On July 19, human rights authorities arrested human rights activist Radhi Al-Qatari after raiding his home. He was subjected to severe torture and ill-treatment for two full months during interrogations. He was then transferred to Dry Dock Prison (Pretrial Detention) on August 2nd, detained for six months pending investigation under the Anti-Terrorism Act. He was released with both Ebtisam Al-Sayegh and rights defender Mohammed Khalil Al-Shakhouri (arrested on July 4th) on October 26.

Nabeel Rajab

On July 10, Nabeel Rajab, Bahrain's leading human rights activist and head of the Bahrain Center for Human Rights (BCHR), was sentenced to two years in prison after having been tried in a case over television interviews conducted in 2015 and 2016 that the authorities claimed "undermined the prestige of the state."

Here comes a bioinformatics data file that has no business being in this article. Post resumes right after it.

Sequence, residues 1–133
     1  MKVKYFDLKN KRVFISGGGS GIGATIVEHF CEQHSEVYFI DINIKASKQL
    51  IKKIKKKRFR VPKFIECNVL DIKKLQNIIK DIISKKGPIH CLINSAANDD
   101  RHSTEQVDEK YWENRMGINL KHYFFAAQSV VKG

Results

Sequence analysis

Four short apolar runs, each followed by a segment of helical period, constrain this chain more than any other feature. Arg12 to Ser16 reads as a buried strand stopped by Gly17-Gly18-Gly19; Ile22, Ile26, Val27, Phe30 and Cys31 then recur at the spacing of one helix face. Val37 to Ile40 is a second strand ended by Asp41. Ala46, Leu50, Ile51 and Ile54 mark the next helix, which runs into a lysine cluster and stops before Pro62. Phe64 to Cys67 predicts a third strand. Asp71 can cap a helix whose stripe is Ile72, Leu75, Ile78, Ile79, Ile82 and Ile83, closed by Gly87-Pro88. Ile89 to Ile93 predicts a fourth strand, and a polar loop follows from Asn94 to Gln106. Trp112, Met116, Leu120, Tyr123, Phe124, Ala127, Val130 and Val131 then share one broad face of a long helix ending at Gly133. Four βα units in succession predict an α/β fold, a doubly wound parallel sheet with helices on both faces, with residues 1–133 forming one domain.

Rajab's latest arrest was made on June 13, 2016, during which he was treated in a degrading manner and subjected to deliberate harassment and humiliation.

Death Chambers

Three human rights organizations (The Gulf Institute for Democracy and Human Rights, Bahrain Forum for Human Rights, SALAM for Democracy and Human Rights) issued an extensive report on the violations of the Bahraini National Security Agency in August, entitled, "Death Chambers": A report documenting the violations of the National Security Agency (NSA) in Bahrain.

Arabic Version